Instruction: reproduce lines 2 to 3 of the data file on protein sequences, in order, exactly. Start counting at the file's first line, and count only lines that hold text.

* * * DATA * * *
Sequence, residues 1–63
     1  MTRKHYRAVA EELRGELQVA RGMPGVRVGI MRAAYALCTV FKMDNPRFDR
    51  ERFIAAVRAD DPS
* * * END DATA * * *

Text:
     1  MTRKHYRAVA EELRGELQVA RGMPGVRVGI MRAAYALCTV FKMDNPRFDR
    51  ERFIAAVRAD DPS